I’m way behind in my reviews because as I’ve said, I’ve been reading (yay!) but not really writing (booo). So here are two books that I read around the same time, both having to do with bullying.
Sticks and Stones: Defeating the Culture of Bullying and Rediscovering the Power of Character and Empathy by Emily Brazelon
Published by Random House
It’s been quite a while since I read this one so I have to admit that my memory of it is pretty fuzzy. I do know that it is an impeccably researched, very thorough, sometimes unconventional look at bullying. Brazelon is very clear on what bullying is, what bullying is not, and how it has changed over the years, especially in today’s age of social media and of everything being on the internet. I found Brazelon’s exploration of three individual high school students who had been heavily involved in a bullying situations fascinating and quite surprising. I found her insights and conclusions very compelling and I came away with more questions than answers, but I think that’s a good thing. It shows that she opened my mind and gave me even more to think about than I already did on this subject. I would highly recommend Sticks and Stones for educators and parents.
Reconstructing Amelia by Kimberly McCreight
Published by Harper, an imprint of HarperCollins
Review copy received at SIBA
This was one of my most-anticipated books from SIBA and I have to admit that the novel didn’t completely blow me away like it did for some readers. If you haven’t already heard about this one, basically working single mom Kate gets the news that Amelia, her well-behaved, happy, teenage daughter, has committed suicide by jumping off the roof of her school. Kate is shocked, horrified, in complete despair, but even more so when she gets a text that tells her that Amelia did not jump. What follows is Kate’s desperate search to find out what happened to her daughter, interspersed with flashbacks from Amelia’s life, in which the reader gets to know the real Amelia, and slowly is able to put together the puzzle of what really happened to her and why.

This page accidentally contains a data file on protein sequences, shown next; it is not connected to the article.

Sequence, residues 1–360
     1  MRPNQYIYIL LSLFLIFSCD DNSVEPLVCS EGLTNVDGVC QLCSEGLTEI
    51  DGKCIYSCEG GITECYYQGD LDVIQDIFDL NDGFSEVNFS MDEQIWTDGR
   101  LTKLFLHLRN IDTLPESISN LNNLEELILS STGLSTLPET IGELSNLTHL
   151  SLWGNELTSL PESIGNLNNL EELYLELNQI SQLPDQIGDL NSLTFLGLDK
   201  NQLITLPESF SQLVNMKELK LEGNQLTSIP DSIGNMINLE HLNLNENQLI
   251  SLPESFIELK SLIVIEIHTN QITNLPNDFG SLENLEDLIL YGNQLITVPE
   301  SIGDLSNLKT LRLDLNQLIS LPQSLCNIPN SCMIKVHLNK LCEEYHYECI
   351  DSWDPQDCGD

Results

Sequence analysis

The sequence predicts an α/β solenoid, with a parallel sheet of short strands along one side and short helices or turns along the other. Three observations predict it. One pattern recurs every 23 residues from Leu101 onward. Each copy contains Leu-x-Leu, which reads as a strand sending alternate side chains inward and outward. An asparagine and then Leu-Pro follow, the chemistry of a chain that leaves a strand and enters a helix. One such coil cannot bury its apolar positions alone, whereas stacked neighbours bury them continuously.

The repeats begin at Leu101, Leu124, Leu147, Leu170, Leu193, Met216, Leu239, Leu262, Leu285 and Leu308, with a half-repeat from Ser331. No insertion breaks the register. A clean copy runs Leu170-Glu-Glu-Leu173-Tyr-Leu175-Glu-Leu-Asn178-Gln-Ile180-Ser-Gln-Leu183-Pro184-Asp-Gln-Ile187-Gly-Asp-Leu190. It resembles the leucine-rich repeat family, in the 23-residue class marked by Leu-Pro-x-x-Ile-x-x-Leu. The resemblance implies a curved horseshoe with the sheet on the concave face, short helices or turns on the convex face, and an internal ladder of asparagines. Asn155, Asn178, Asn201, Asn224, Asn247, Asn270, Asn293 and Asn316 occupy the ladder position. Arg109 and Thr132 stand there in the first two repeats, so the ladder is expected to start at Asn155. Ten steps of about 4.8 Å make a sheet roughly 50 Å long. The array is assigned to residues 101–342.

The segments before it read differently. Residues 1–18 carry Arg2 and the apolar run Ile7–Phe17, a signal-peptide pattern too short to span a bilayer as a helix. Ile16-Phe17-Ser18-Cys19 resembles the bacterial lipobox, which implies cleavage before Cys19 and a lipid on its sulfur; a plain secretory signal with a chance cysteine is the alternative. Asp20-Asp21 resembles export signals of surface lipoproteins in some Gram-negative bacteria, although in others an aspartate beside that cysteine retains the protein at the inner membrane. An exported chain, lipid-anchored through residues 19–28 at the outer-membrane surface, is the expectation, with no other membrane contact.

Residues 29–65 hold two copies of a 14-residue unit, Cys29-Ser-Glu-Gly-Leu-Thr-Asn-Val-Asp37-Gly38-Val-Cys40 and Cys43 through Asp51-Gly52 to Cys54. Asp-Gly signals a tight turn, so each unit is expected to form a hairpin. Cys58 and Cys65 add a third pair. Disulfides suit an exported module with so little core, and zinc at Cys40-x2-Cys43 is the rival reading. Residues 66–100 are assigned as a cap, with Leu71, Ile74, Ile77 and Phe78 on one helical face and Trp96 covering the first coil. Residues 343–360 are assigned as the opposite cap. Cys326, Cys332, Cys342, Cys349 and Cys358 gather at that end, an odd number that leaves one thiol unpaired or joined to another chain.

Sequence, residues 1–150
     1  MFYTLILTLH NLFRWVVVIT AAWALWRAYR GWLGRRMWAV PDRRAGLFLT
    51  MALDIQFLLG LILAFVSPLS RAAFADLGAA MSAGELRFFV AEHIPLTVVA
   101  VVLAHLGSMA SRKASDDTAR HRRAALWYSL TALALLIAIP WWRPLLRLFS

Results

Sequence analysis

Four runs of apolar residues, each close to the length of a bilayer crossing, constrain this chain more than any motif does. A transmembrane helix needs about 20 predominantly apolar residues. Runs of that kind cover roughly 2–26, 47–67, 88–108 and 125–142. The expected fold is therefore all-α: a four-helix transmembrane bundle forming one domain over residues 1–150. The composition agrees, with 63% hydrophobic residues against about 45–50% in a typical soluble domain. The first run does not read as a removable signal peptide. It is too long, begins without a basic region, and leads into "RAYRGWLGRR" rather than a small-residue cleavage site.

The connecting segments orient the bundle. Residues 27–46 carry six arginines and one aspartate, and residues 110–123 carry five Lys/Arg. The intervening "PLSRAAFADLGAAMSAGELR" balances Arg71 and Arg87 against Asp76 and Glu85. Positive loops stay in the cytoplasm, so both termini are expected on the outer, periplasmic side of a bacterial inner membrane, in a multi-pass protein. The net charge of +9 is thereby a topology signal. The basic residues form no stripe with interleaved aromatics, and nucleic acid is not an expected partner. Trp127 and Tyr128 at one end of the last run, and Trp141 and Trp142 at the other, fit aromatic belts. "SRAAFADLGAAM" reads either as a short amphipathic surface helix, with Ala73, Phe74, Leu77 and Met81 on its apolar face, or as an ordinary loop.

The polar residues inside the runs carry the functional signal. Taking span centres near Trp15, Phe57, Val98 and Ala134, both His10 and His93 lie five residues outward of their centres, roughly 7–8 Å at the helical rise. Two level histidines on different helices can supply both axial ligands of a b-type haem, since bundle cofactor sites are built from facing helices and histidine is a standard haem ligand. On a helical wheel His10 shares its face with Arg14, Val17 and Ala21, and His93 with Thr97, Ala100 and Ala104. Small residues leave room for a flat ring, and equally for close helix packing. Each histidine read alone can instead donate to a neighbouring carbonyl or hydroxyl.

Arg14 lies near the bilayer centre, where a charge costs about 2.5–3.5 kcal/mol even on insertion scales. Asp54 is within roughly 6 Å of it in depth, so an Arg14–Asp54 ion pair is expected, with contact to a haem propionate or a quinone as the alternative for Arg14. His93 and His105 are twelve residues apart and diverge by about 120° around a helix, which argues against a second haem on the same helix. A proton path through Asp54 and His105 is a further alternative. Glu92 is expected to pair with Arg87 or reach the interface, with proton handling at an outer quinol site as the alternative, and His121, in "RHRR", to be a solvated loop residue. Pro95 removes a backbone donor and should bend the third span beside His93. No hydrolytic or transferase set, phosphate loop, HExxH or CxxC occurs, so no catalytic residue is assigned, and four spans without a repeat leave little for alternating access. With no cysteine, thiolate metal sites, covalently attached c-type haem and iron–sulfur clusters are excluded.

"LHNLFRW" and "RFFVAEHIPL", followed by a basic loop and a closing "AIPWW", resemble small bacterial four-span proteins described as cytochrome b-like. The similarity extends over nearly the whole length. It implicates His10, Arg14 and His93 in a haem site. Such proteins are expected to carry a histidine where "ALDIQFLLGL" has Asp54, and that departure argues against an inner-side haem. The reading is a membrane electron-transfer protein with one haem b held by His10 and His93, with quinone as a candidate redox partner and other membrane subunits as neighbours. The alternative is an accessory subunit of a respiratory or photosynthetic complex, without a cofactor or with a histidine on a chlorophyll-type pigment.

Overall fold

So, I really did like it. I was interested and excited and couldn’t put the book down. But I couldn’t decide what McCreight was trying to say about working single moms – was Kate not being there for her daughter a bad thing? Was the author blaming Kate for working too much and not being around for Amelia? And also, the answers at the end were slightly outside of the realm of being believable. Just slightly. But those quibbles aside, I think I had trouble with this one simply because I was expecting to love it. And those darn expectations got in my way, as they tend to do. I would still highly recommend this one, though, as the writing is great, the story is intense, and it’s one that readers can fly right through – it’s that exciting and compelling. While I didn’t love it, I would still recommend Reconstructing Amelia.